Is Schizoaffective Disorder Bipolar Type a Disability?
Bipolar-type schizoaffective disorder isn’t classified as a disability outright since symptoms can be treated by medication and therapy. However, you may qualify for disability benefits if the condition severely limits your ability to work or earn a living.
Causes of Bipolar-Type Schizoaffective Disorder
The exact causes of bipolar schizoaffective disorder are yet to be established. However, the likelihood of developing the condition can increase due to environmental and genetic factors.
Close genetic relationships contribute to schizoaffective disorder among families. For example, you’re more likely to develop schizoaffective disorder if you have parents or siblings diagnosed with the condition.
Changes in a fetus’s brain chemistry due to a mother’s exposure to toxins during pregnancy can raise the chances of the child exhibiting symptoms of schizoaffective disorder later in life. Adults can also experience chemical imbalances from substance abuse and medication, increasing the likelihood of showing signs of bipolar-type schizoaffective disorder.
Additionally, environmental factors such as childhood trauma, abuse and stressful events can contribute to developing schizoaffective disorder.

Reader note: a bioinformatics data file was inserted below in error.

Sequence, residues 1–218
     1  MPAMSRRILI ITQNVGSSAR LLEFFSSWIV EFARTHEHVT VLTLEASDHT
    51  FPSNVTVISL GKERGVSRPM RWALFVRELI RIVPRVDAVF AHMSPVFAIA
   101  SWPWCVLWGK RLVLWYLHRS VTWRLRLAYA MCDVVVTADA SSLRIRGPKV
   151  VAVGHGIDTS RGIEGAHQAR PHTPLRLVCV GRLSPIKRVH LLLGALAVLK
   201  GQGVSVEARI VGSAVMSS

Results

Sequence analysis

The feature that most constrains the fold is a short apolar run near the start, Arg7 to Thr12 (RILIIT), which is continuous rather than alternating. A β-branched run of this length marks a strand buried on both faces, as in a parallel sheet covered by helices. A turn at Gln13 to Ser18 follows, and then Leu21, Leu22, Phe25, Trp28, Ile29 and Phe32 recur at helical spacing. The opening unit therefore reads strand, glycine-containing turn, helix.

How Serious Is Schizoaffective Disorder?
Schizoaffective disorder is considered a severe mental illness due to the mixture of signs of mood disorders and the psychotic symptoms of schizophrenia. While the condition affects an equal number of men and women, symptoms occur earlier in men.
If left untreated, schizoaffective disorders can cause:
- Self-isolation as distorted thinking and mood disorder symptoms intensify
- Loss of employment, leading to debt and homelessness
- Health problems caused by low appetite and loss of sleep due to psychotic symptoms
- Substance abuse problems that contribute to legal issues
- Self-harm, suicidal thoughts and attempts
Statistics show that 1 in 20 people who experience untreated psychotic symptoms will complete suicide. Thus, it’s essential to get professional help to manage psychotic symptoms of schizoaffective disorder and stabilize your mood. Participating in psychotherapy can help you learn better ways of coping with future occurrences of symptoms. A therapist will also help you rebuild your social and professional life.
How Long Do Schizoaffective Episodes Last?
The diagnostic criteria for the different types of schizoaffective disorders demand that symptoms last for at least a month. The major psychotic symptoms of hallucinations and delusions must last at least 2 weeks each. Additionally, the depressive or manic symptoms for the mood disorder portion of the condition should go uninterrupted for a few weeks.
Considering that the diagnostic criteria outline the minimum requirement for diagnosis, schizoaffective disorder episodes can last for weeks or even months.
As a result, your personal, social and professional life will suffer. Moreover, since you’re not entirely controlling your actions, you may experience imminent physical danger due to accidents, self-harm or destructive behavior such as drug abuse.